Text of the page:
via http://www.washingtonpost.com/blogs/answer-sheet/post/is-filling-the-pail-any-way-to-train-teachers/2012/07/04/gJQADViVOW_blog.html

Is this imposing upon ‘other people’s children’ the kind of education that White, middle class parents would never accept? Or is it merely giving traditionally-underserved students access to the tools required for accessing the codes and cultures of power?

It’s mind-boggling that there are any makers in this world over the age of 10

Leslie Pralle Keehn says:

“Don’t turn on the computer until you are told to do so,” “don’t pick up your markers until you are given permission,” “wait for instructions,” “sit patiently until I get to you.” It’s mind-boggling that there are any makers in this world over the age of 10.

via http://rethinkredesign.org/2013/12/18/my-day-as-a-maker/#comment-4760

When parents want to opt their children out of ed tech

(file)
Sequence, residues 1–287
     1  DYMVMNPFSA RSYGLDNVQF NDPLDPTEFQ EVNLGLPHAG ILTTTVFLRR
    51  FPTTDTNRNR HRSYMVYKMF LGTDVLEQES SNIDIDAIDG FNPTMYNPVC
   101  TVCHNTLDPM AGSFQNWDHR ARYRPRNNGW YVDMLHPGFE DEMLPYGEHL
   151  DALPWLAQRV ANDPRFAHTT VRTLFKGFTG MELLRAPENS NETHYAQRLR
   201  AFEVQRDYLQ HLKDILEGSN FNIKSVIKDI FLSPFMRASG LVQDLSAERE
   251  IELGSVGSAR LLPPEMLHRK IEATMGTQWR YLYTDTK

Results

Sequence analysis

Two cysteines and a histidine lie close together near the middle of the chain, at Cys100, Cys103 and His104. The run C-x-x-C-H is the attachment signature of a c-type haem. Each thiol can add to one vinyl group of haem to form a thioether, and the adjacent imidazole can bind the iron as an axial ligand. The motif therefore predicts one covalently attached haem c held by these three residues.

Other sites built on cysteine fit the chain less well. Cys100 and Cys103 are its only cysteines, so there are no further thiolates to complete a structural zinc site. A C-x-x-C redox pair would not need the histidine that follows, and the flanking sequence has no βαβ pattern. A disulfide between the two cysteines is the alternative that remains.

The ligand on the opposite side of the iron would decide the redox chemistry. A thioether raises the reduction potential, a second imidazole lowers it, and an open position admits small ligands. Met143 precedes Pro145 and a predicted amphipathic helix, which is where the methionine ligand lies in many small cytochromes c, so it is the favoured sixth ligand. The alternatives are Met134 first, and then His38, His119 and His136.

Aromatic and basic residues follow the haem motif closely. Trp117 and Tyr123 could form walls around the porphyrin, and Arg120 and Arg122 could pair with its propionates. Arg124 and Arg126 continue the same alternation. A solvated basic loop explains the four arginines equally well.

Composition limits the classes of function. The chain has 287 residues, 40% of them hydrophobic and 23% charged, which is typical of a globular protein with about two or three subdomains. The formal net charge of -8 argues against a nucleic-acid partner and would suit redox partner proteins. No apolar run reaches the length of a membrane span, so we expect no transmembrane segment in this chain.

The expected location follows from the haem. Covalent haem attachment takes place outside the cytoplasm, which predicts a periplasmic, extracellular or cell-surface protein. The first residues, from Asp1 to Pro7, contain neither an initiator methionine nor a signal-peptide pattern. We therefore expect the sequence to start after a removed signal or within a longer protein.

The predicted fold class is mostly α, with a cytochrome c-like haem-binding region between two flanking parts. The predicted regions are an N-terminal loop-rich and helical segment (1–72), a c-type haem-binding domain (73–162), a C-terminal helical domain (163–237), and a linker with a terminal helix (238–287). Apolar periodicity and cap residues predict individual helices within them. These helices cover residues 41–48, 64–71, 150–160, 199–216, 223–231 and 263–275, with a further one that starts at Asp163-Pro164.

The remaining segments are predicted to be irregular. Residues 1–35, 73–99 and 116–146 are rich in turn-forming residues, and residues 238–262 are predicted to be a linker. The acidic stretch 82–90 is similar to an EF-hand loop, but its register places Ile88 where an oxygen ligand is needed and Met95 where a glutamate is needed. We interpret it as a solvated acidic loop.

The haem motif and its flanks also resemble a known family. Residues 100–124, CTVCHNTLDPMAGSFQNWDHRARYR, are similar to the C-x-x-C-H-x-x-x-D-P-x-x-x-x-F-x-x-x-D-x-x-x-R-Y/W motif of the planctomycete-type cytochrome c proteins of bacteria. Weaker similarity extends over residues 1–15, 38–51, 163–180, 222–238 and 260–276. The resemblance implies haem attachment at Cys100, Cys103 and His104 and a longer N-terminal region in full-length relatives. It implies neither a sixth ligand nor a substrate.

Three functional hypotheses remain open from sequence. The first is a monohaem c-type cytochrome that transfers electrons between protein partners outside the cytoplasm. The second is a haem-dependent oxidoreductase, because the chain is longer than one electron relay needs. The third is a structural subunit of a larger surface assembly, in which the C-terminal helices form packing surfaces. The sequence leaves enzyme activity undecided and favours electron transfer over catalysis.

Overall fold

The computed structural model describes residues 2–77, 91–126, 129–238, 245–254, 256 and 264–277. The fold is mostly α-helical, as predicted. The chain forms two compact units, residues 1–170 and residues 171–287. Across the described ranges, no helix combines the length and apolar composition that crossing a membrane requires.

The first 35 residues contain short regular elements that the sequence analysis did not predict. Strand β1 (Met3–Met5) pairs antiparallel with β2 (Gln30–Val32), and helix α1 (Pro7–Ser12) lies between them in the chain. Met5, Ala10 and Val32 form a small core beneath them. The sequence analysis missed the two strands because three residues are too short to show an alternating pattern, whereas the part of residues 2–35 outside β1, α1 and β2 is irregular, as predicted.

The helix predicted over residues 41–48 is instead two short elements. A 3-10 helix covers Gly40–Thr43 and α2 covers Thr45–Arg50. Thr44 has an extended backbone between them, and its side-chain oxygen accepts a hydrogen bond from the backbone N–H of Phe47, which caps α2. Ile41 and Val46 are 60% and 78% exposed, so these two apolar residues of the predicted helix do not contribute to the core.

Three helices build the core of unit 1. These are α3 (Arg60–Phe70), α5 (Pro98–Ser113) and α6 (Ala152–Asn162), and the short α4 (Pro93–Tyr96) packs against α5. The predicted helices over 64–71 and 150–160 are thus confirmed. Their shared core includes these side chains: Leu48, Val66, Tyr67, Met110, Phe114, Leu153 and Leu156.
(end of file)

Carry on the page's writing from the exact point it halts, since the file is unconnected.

Denial

I had a conversation with a parent a few weeks back during which she said something like this:

My husband and I are worried about how prevalent screens are in our children’s lives. We are striving to maintain some balance between screen time and other time for our kids. However, our high school’s 1:1 laptop initiative has made it much harder for us to do this with our son since he is now expected to bring the computer home and use it during the evenings and weekends.

Even the most ardent technology advocates usually recognize that others may have different beliefs and norms when it comes to children and computers. I found myself empathizing with this mother as she found herself in direct competition with an initiative from the school system that was intended to empower her child but instead was undermining her parenting.

Parents often have opt-out rights for some sensitive course or school library materials (e.g., movies, videos, books or other readings, sex education classes) but they don’t typically have opt-out rights for instructional methods or curricula. Should parents have the right to refuse or limit a 1:1 initiative – or other educational technology usage – for their children? If so, in practical terms how would that work (e.g., would schools be required to provide analog assignments and/or homework)? What do you think?

Image credit: karen’s denial, zen sutherland

Adaptive learning

Unit 1

Teacher 1: